Ending the Commercial Seal Hunt - CanadaIFAW was first founded to end the seal hunt
As if harp seals haven’t had it tough enough because of Canada’s cruel, needless, and wasteful annual commercial seal hunt, the rigors of climate change make things even more difficult for these beloved marine mammals.
“Seal mothers and their pups need ice, and in many places now, the ice just isn’t there when they need it,” says Sheryl Fink, IFAW’s director of wildlife campaigns in Canada.
Even though seal products—long considered a waste of seals’ lives by many—have thankfully lost their appeal globally, the Canadian government continues to support the archaic hunt politically and financially to sustain it. The annual event remains the largest authorized slaughter of marine mammals anywhere on the planet.
It’s unfathomable to even imagine, but hunters kill harp seals with clubs, guns, or hakapiks (which resemble pickaxes). They are usually defenseless pups less than three months old.
Because of climate change, it’s even more precarious for a pup to reach that age. Mother seals give birth to them, and nurse them in late February and early March on stable ice floes—ice that provides protection from predators and provides a safer place where mother seals can still hunt for food in nearby waters.
“This year is expected to be warmer than average in Atlantic Canada, and so far, ice formation is far below the historical ice coverage for this time period,” says Fink.
To every action in nature, there is a reaction: Changing climate conditions reduce the thickness and duration of sea ice, which can change the abundance of seals’ prey. Research has shown this may cause declines in female harp seal reproductive rates.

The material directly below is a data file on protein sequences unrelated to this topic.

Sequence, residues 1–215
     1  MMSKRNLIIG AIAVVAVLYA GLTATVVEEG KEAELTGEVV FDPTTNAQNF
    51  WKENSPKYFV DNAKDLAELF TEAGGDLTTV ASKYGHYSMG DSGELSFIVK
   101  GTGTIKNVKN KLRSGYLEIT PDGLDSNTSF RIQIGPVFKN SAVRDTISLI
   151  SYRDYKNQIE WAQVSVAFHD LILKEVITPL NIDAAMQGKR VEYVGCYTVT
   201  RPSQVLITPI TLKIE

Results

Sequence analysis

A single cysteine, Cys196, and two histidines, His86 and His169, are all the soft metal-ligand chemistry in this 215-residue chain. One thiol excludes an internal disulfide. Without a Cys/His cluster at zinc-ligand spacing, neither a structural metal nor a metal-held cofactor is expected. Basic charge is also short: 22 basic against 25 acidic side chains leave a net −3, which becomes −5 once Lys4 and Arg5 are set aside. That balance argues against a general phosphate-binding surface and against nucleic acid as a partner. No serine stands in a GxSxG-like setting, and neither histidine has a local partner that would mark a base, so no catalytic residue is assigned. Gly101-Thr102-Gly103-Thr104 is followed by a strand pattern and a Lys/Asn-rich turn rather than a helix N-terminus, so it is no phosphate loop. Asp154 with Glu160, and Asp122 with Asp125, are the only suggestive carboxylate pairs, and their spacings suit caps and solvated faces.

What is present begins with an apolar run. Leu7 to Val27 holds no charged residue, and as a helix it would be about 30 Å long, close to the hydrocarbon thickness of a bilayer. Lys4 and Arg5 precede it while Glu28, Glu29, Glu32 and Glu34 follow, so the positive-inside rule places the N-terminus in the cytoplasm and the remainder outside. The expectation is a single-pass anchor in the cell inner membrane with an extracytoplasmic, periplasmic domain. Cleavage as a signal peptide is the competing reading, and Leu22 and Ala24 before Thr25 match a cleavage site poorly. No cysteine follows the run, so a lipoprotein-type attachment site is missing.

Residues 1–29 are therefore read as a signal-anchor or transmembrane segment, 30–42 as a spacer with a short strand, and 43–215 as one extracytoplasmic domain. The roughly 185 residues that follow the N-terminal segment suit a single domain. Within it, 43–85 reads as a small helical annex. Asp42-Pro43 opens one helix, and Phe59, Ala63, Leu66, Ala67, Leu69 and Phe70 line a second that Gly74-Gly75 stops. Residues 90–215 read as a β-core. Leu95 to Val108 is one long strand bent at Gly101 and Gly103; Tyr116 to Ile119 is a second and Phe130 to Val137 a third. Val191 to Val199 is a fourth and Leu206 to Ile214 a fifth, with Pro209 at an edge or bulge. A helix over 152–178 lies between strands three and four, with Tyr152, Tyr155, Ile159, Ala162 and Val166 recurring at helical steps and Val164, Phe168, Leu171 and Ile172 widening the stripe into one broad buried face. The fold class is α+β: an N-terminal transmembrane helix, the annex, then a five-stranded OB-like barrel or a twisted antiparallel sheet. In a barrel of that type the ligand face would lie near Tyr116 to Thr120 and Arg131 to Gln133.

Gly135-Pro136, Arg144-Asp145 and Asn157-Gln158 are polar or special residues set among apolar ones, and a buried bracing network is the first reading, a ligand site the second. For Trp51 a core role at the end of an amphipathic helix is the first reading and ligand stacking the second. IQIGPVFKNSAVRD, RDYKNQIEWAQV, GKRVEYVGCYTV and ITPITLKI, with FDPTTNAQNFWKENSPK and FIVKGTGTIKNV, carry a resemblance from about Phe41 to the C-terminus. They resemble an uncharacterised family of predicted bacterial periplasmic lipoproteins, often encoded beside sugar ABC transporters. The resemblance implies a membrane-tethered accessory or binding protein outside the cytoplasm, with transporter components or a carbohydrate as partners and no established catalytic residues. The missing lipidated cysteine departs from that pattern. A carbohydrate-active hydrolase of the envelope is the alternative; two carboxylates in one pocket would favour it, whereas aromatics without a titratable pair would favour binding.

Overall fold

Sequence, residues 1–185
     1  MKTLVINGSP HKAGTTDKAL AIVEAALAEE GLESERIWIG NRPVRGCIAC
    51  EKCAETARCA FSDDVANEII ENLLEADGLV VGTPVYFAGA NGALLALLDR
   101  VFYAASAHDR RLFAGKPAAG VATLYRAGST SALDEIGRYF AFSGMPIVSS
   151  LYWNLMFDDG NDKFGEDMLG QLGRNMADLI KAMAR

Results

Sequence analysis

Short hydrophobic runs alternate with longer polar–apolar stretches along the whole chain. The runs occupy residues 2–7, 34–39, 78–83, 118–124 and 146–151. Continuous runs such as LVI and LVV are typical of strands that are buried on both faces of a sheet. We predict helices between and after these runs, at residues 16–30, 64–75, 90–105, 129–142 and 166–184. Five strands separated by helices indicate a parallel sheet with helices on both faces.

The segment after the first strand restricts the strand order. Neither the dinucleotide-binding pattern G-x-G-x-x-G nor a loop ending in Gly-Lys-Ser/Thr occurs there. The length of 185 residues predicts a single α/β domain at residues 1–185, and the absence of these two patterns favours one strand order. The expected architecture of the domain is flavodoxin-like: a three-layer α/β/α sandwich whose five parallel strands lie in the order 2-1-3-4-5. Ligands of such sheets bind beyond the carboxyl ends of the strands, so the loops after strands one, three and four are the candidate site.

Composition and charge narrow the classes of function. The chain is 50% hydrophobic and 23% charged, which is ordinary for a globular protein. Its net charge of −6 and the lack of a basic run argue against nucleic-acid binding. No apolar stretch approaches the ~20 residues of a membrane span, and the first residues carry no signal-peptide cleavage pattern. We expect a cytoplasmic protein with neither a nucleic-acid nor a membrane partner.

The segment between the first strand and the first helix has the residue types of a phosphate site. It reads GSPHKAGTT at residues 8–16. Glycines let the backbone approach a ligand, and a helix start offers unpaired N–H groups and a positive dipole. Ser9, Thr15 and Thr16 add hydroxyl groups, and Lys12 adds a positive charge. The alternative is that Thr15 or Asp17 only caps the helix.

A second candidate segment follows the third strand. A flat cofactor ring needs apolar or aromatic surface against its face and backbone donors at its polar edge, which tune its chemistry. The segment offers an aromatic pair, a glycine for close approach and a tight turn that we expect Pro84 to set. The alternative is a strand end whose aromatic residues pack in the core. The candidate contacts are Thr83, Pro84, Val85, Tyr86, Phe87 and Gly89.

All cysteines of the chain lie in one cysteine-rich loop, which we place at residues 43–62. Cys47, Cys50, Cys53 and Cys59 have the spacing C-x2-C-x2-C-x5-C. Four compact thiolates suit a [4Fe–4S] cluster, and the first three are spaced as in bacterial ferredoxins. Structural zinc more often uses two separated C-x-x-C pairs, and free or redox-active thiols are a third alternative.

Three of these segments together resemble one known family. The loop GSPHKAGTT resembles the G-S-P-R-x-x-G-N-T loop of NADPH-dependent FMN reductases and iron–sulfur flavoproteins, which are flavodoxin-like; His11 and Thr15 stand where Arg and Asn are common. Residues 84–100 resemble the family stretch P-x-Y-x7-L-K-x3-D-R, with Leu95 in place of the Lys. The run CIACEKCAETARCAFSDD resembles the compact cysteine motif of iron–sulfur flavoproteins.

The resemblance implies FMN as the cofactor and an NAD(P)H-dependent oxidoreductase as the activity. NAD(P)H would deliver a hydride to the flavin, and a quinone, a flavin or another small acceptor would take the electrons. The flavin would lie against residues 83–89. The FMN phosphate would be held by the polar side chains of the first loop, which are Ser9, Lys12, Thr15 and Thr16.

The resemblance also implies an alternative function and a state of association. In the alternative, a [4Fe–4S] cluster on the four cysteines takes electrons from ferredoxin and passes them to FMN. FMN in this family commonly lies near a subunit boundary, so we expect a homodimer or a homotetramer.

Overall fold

Harp seal mothers are very particular and unlike other seal species, won’t give birth on land if there’s no suitable ice for them. Instead, they abort the pups in the water.
If the mother seals do find ice, but it doesn’t stay stable long enough for pups to finish weaning and learn to swim, these tiny seals can be crushed or washed ashore when the too-thin ice breaks up.
Fink says harp seals who don’t have suitable ice habitat have been found wandering in front yards and parking lots, after having washed ashore and not knowing where to go.
Although those in favour of killing seals will say this proves there are “too many” harp seals, it is in reality the tragic evidence that the species is losing its critical ice habitat.
Last year, 26,847 harp seals were reported killed, at a reported value of CAD$749,239 or an average pelt price of only $28. The past 3 years have been among the lowest kills ever reported. To compare, in 2006 when the industry was at its peak the average value per seal skin was $102.
In 2023, there’s no sound rationale for killing baby seals, says Fink. “Despite the waste of hundreds of millions of dollars by successive Canadian governments since 1996 to try and develop the sealing industry, today there are very few markets for commercial seal products,” she says. “We should let it become a thing of the past and stop propping it up with taxpayer dollars. There is no scientific support for the claim that harp seals are overpopulated or negatively impacting their ecosystem, and there’s no need to reduce their numbers, particularly when they are being threatened by climate change.”